Hindu high jinx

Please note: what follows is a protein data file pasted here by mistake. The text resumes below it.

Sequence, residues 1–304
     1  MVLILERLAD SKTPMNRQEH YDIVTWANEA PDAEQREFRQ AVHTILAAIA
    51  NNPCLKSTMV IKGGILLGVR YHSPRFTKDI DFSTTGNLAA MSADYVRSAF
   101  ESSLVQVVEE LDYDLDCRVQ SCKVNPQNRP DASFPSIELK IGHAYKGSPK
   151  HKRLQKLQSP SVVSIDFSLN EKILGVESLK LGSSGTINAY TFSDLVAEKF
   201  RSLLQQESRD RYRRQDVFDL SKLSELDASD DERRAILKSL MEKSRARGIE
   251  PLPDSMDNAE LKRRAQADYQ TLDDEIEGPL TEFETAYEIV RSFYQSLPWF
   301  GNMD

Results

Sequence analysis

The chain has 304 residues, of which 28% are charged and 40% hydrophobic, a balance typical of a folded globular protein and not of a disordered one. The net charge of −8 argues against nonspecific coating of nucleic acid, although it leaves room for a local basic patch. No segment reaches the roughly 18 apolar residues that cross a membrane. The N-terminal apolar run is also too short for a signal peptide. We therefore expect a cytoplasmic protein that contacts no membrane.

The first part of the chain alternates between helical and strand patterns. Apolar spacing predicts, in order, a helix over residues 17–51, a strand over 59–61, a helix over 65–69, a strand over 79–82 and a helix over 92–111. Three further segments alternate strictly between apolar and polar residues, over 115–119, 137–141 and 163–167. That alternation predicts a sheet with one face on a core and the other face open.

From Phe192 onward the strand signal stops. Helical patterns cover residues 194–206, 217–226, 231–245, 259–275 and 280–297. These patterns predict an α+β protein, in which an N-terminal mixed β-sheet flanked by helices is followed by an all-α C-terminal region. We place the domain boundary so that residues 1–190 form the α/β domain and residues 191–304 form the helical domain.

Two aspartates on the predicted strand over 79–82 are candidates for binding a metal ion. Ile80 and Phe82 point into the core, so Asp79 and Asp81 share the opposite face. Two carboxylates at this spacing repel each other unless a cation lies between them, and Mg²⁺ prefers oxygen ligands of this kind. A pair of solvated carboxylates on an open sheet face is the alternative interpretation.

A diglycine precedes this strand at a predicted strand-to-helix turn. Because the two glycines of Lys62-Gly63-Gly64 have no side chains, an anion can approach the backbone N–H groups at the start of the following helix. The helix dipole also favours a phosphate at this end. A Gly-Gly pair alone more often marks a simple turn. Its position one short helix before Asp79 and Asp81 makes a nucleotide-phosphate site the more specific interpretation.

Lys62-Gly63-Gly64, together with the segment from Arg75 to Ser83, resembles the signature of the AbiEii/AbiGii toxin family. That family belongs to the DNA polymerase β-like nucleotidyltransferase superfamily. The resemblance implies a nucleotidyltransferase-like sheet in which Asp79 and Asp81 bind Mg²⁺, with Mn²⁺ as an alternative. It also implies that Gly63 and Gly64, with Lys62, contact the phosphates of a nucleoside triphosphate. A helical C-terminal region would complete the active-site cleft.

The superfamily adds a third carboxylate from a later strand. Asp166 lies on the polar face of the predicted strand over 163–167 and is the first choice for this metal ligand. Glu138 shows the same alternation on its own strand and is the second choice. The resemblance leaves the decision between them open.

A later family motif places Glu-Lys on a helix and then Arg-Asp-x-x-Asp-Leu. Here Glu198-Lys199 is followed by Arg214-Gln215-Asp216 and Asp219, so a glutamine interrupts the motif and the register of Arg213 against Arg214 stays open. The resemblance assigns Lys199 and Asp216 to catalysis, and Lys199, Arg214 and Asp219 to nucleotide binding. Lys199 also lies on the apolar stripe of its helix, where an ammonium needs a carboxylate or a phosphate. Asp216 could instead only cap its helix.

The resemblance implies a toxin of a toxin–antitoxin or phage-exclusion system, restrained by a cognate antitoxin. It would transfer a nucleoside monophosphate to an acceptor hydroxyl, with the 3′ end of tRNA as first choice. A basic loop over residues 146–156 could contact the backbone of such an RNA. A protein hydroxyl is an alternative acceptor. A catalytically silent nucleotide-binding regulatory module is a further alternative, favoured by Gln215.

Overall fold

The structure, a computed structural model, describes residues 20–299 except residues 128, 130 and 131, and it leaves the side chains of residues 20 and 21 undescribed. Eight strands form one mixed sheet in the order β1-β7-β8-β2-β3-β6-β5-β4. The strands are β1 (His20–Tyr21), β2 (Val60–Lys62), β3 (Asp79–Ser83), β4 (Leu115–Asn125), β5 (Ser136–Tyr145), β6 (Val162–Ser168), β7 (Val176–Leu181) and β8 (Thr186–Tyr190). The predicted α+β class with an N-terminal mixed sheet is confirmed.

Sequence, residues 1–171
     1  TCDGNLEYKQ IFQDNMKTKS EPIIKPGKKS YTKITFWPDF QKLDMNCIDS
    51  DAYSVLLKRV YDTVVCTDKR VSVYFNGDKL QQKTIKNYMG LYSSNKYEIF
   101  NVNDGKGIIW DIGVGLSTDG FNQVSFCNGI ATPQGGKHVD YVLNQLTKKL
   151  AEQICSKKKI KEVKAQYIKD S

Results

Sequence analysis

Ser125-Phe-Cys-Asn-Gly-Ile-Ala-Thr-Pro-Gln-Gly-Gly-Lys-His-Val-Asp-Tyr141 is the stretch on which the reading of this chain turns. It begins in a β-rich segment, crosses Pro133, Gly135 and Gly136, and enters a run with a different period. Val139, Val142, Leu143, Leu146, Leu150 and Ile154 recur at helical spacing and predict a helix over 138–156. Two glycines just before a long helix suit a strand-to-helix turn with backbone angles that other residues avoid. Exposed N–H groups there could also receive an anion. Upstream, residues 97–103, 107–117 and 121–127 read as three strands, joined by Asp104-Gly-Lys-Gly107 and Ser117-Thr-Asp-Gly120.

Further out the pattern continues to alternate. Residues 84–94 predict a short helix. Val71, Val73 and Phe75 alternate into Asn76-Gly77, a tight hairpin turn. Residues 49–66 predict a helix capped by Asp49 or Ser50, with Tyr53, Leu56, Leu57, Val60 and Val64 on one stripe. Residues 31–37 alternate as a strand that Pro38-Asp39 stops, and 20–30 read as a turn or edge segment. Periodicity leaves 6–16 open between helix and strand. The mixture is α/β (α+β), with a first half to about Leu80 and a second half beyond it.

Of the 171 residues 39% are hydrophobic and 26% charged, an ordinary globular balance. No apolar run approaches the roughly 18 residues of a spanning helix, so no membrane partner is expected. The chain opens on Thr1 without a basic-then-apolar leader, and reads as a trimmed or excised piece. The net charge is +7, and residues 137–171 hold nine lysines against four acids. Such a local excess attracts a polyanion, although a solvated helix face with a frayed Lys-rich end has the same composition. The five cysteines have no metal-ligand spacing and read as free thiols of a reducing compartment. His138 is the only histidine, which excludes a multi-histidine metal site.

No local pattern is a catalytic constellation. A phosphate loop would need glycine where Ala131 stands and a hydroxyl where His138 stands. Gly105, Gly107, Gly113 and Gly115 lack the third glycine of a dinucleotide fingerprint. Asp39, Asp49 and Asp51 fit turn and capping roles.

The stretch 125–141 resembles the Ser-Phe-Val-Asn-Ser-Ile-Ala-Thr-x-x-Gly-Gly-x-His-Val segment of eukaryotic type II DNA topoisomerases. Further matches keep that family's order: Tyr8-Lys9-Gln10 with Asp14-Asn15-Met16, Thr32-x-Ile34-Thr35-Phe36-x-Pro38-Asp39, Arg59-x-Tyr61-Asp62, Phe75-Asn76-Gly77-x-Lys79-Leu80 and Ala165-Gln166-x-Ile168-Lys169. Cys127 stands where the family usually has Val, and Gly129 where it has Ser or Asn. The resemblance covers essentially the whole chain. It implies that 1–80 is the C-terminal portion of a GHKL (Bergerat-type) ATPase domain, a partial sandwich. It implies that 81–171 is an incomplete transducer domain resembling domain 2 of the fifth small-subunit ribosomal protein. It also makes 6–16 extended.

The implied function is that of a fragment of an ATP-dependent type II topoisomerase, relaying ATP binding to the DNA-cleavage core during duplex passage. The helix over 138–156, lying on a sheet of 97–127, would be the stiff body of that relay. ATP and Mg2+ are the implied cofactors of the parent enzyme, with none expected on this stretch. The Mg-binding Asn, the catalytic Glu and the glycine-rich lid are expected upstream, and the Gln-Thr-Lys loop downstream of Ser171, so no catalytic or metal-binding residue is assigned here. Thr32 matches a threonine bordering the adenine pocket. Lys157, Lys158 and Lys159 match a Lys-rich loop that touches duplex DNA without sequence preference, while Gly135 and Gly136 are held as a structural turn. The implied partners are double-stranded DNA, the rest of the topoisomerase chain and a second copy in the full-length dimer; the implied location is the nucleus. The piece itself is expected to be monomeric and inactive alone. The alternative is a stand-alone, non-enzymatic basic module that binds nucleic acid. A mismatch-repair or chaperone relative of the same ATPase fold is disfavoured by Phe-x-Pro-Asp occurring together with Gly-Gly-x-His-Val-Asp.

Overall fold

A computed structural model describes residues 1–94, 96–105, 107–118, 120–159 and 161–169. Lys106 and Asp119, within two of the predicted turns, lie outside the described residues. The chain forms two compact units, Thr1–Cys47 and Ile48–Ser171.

Having nearly perfected the art of sari-tying, Sarah and I dutifully made our way to the Bhubanaeswar Club for Poonam and Debabrata's wedding. Poonam is the daughter of the State Information Commissioner and it was, as expected, a rather flash do. We were told it wasn't an entirely traditional wedding and from what I can gather this meant it was shorter than usual and the main event took place at lunchtime rather than late in the evening. It was my first Hindu wedding and, traditional or not, it was very different from your average English affair. For starters, it's the bridegroom who arrives in a smart white car covered in flowers whilst the bride patiently waits out of sight. You couldn't miss Debabrata's arrival though - he was preceded by a group of conch-playing acrobats, a live band and most of his male friends and relatives. The first time we got to see Poonam was when the parents pledged themselves to each other in a joining of the families ceremony to compliment the joining of the happy couple … except the bride looked far from happy. On enquiry, I found out that unlike an English bride, who is encouraged to smile throughout the day however nervous or sick she feels, at Hindu weddings the bride is expected to look sad because she's about to leave her family and looking happy about it is definitely not the done thing. After the family-joining ceremony, we wandered across the lawn to the dais where the main event took place. Even though it was supposedly shorter, it did go on for quite a long time. Fortunately, you weren't expected to diligently sit through the whole thing and there was a kind of garden party feel to the proceedings. There were rows of chairs in front of the stage but they were also serving a buffet lunch – with the usual mountains of food - which you could eat at large round tables under a fancy awning or you could just stand around and chat whilst watching the conch-playing acrobats. There was the occasional flurry of activity when people thronged towards to the front but to be perfectly honest I had no idea why or what was going on and I certainly missed the "I do" bit if, in fact, there was one. Then, although the ceremony still seemed to be going on, we realised that people were starting to wander off so we went went back to Sarah's flat for the rest of the afternoon before donning our saris again to return for the evening party. Here the guests had quadrupled in number and there was another enormous buffet - more like a food fair to be honest. People seemed really pleased that Sarah and I were wearing saris and we were made to feel very welcome - in fact I was quite surprised at just how many of Bhubaneswar's great and good I actually knew. The only thing missing was the alcohol – it really did feel strange to be togged up in my finery at a really smart wedding but not to have that glass of champagne in my hand. It didn't in any way spoil the day though which was both fascinating and good fun and we managed to slip in a quick glass of wine back at Sarah's before retiring to bed.  To see more pictures click here